General signs and symptoms
Not everyone with depression will experience the same symptoms. Symptoms can vary in severity, how often they happen, and how long they last.
If you experience some of the following signs and symptomsTrusted Source of depression nearly every day for at least 2 weeks, you may be living with depression:
- feeling sad, anxious, or “empty”
- feeling hopeless, worthless, and pessimistic
- crying a lot
- feeling bothered, annoyed, or angry
- loss of interest in hobbies and interests you once enjoyed
- decreased energy or fatigue
- difficulty concentrating, remembering, or making decisions
- moving or talking more slowly
- difficulty sleeping, early morning awakening, or oversleeping
- appetite or weight changes
- chronic physical pain with no clear cause that does not get better with treatment (headaches, aches or pains, digestive problems, cramps)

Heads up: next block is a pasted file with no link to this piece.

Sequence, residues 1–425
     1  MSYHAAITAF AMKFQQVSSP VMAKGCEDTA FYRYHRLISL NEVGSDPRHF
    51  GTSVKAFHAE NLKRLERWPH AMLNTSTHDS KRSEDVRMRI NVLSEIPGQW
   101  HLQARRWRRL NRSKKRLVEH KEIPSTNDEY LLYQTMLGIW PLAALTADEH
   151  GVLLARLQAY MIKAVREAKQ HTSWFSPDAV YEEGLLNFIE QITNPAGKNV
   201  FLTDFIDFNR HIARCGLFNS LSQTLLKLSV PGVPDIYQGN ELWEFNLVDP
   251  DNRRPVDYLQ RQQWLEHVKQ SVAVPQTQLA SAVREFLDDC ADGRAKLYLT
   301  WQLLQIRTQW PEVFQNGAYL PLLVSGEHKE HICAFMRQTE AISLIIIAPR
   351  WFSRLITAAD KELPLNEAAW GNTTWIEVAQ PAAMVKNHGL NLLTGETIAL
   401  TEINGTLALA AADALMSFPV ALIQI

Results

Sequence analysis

- thoughts of death, suicide, self-harm, or suicide attempts
The symptoms of depression can be experienced differently among males, females, teens, and children.
Males may experience symptoms related to their:
- mood, such as anger, aggressiveness, irritability, anxiousness, or restlessness
- emotional well-being, such as feeling empty, sad, or hopeless
- behavior, such as loss of interest, no longer finding pleasure in favorite activities, feeling tired easily, thoughts of suicide, drinking excessively, using drugs, or engaging in high-risk activities
- sexual interest, such as reduced sexual desire or lack of sexual performance
- cognitive abilities, such as inability to concentrate, difficulty completing tasks, or delayed responses during conversations